HISTORY. Determine the duration of the present bleeding, the amount of blood loss, and the presence of associated symptoms such as cramping, nausea, and vomiting, fever, abdominal pain, or passing of blood clots. Ask the patient to compare the amount of pads or tampons used in a normal period with the amount they are presently using. Obtain a menstrual and obstetric history. Recent episodes of easy bruising or prolonged, heavy bleeding may indicate abnormal clotting times. The use of contraceptives, especially an intrauterine device (IUD), may contribute to abnormal uterine bleeding. Other possible causative factors, such as pregnancy, pelvic inflammatory disease, or other medical conditions, can be ruled out through a complete history.

PHYSICAL EXAMINATION. A complete examination is essential to eliminate organic causes of bleeding. A pelvic speculum and bimanual examination should be done, with particular attention to the presence of cervical erosion, polyps, presumptive signs of pregnancy, masses, tenderness or guarding, or other signs of pathology that may cause abnormal uterine bleeding. Assess for petechiae, purpura, and mucosal bleeding (gums) to rule out hematologic pathology. Check for pallor and absence of conjunctival vessels to gauge anemia.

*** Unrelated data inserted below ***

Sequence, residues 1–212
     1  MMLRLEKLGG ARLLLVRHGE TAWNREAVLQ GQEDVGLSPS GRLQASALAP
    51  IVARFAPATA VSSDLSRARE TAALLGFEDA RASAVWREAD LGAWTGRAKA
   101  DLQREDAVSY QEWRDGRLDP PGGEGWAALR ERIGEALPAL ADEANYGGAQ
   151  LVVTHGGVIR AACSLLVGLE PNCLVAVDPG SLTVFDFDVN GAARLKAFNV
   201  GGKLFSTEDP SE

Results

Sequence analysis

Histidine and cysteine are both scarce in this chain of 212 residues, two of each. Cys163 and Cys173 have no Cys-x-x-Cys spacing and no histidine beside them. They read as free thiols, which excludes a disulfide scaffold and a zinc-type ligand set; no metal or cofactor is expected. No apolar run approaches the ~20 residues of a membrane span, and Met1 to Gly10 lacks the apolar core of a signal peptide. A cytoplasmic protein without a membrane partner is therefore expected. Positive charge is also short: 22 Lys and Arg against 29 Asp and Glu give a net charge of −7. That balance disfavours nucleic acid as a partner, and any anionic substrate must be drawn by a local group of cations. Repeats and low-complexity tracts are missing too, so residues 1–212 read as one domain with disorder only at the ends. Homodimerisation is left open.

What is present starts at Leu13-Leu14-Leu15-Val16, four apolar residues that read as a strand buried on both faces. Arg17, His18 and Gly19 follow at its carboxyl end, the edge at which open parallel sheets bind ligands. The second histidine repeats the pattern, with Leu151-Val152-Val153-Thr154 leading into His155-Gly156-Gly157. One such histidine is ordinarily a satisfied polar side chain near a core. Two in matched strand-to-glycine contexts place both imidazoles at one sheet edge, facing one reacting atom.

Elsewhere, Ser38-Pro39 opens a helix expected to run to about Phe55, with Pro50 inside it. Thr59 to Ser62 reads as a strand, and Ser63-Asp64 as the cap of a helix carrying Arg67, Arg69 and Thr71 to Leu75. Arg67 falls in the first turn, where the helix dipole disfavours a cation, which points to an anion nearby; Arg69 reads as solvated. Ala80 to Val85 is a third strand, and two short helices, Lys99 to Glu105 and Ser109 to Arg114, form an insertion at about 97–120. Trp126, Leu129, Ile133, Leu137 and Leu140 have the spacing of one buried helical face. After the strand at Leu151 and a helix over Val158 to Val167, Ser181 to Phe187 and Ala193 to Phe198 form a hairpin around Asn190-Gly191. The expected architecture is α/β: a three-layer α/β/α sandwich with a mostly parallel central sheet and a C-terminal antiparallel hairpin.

PSYCHOSOCIAL. For many women, DUB results in distress related to the uncertainty of the timing, duration, and amount of bleeding. A woman may feel that her usual activities need to be curtailed, a situation that may contribute to feelings of loss of control. Assess the woman's concerns and coping patterns to establish a framework for determining appropriate interventions.

Diagnostic Highlights

General Comments: Diagnosis of DUB is made by ruling out organic causes.


Normal Result

Abnormality with Condition


Endometrial biopsy Hysteroscopy

Presence of a "secretory-type" endometrium 3-5 days before normal menses; no pathological conditions

No pathology visualized

Hyperplastic proliferative polyps are found with DUB (polyps stimulate estrogen). With anovulation, no secretory changes are noted. Adenocarcinoma indicates uterine cancer.

Polyps indicate DUB; other tumors or structural variations may be seen with other conditions

Other organic conditions must be ruled out before a diagnosis of DUB is made.

Direct visualization of the uterus is possible

Other Tests: Pelvic exam, uterine ultrasound, complete blood count, cultures for sexually transmitted infections; prothrombin time, activated partial thromboplastin time, human chorionic gonadotopin (to rule out pregnancy), thyroid tests, pelvic ultrasound (to rule out structural lesions)

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